The Social Impact of a WTO Agreement in Indonesia

39 Pages Posted: 17 Oct 2005

See all articles by Anne-Sophie Robilliard

Anne-Sophie Robilliard

DIAL - IRD - Chargee de Recherche

Sherman Robinson

International Food Policy Research Institute (IFPRI)

Date Written: October 2005


Indonesia experienced rapid growth and the expansion of the formal financial sector during the last quarter of the 20th century. Although this tendency was reversed by the shock of the financial crisis that spread throughout Asia in 1997 and 1998, macroeconomic stability has since then been restored, and poverty has been reduced to pre-crisis levels. Poverty reduction remains nevertheless a critical challenge for Indonesia with over 110 million people (53 percent of the population) living on less than $2 a day. The objective of this study is to help identify ways in which the Doha Development Agenda might contribute to further poverty reduction in Indonesia. To provide a good technical basis for answering this question, the authors use an approach that combines a computable general equilibrium (CGE) model with a microsimulation model. This framework is designed to capture important channels through which macroeconomic shocks affect household incomes. It allows making recommendations on specific trade reform options as well as on complementary development policy reforms. The framework presented in this study generates detailed poverty outcomes of trade shocks. Given the magnitude of the shocks examined here and the structural features of the Indonesian economy, only the full liberalization scenario generates significant poverty changes. The authors examine their impact under alternative specifications of the functioning of labor markets. These alternative assumptions generate different results, all of which confirm that the impact of full liberalization on poverty would be beneficial, with wage and employment gains dominating the adverse food price changes that could hurt the poorest households. Two alternative tax replacement schemes are examined. While direct tax replacement appears to be more desirable in terms of efficiency gains and translates into higher poverty reduction, political and practical considerations could lead the Government of Indonesia to choose a replacement scheme through the adjustment of value-added tax rates across nonexempt sectors.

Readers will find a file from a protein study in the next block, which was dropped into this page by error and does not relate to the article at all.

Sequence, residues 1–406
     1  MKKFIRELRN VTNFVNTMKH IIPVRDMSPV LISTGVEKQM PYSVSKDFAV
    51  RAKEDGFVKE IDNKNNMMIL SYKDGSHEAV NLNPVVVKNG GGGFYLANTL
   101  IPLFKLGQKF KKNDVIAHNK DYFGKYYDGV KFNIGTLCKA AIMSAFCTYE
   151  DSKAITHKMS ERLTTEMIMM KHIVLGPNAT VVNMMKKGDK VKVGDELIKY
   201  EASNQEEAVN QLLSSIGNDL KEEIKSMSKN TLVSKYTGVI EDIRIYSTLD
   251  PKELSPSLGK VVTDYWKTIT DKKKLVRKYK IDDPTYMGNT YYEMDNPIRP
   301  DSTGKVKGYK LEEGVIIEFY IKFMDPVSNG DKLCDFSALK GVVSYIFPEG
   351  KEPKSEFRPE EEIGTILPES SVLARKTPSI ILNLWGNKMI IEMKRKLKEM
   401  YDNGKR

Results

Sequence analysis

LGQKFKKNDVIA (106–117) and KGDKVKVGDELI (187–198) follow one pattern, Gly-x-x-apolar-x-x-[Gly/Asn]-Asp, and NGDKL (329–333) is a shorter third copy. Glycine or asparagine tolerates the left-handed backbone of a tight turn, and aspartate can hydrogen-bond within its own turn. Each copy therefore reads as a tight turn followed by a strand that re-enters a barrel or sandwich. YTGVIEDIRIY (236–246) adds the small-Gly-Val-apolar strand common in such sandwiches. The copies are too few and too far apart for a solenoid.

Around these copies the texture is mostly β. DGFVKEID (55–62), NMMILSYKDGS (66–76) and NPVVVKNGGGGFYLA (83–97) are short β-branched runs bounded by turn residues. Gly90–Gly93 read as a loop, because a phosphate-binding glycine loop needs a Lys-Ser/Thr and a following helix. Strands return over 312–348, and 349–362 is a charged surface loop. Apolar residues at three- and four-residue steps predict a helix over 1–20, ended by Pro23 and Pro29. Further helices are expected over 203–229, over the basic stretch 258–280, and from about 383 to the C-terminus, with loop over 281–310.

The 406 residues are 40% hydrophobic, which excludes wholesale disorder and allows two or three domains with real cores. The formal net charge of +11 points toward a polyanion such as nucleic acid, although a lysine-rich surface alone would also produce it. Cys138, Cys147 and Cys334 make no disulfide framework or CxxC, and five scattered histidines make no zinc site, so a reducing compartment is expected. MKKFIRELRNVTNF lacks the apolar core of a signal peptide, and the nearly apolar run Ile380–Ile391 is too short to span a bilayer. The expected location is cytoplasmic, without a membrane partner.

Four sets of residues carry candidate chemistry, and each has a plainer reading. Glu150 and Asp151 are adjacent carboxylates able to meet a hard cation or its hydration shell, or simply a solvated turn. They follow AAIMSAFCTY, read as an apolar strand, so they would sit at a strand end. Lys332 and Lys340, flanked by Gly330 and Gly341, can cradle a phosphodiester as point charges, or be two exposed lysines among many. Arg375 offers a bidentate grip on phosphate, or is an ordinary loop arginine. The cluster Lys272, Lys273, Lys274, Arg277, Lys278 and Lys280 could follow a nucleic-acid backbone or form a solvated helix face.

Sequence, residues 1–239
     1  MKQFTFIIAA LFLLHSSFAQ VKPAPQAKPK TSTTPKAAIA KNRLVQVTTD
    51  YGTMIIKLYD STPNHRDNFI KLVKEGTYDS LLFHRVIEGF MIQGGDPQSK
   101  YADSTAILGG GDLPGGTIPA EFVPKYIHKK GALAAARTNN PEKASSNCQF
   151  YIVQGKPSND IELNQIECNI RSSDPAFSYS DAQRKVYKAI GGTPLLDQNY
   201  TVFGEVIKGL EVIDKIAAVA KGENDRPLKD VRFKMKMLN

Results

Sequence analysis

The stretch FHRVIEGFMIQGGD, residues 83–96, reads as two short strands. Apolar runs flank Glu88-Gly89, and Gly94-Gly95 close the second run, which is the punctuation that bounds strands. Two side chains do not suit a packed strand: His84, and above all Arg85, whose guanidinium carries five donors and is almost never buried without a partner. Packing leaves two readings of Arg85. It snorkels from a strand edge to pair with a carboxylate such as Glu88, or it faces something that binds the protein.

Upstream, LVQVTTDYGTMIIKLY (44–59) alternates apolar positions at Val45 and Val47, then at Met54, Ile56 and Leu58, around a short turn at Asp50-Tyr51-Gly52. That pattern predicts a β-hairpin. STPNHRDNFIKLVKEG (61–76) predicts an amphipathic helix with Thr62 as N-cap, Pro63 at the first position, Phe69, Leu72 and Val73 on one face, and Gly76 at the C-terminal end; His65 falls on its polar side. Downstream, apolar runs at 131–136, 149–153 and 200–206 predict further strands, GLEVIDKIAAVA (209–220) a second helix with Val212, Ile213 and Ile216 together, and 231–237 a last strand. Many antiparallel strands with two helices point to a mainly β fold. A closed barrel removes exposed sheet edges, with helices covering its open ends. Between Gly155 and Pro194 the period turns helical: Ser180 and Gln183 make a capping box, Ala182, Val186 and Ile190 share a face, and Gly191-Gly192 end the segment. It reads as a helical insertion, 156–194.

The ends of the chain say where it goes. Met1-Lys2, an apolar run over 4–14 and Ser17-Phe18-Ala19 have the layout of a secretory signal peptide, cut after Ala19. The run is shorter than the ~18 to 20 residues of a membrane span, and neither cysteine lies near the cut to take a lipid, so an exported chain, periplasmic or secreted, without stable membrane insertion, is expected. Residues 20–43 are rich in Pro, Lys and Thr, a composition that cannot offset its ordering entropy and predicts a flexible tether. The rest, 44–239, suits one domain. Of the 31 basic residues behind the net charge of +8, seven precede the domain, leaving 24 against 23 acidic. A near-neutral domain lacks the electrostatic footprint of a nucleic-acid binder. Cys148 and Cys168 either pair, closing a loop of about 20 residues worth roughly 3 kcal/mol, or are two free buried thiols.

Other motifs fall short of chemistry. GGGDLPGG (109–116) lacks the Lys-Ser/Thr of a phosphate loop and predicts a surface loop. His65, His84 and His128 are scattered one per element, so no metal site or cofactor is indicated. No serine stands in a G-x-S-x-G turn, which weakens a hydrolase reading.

Suggested Citation

Robilliard, Anne-Sophie and Robinson, Sherman, The Social Impact of a WTO Agreement in Indonesia (October 2005). World Bank Policy Research Working Paper No. 3747, Available at SSRN:

Anne-Sophie Robilliard (Contact Author)

DIAL - IRD - Chargee de Recherche ( email )

4 rue d'Enghien
Paris 75010, 90009

Sherman Robinson

International Food Policy Research Institute (IFPRI) ( email )

1201 Eye St, NW,
Washington, DC 20005
United States

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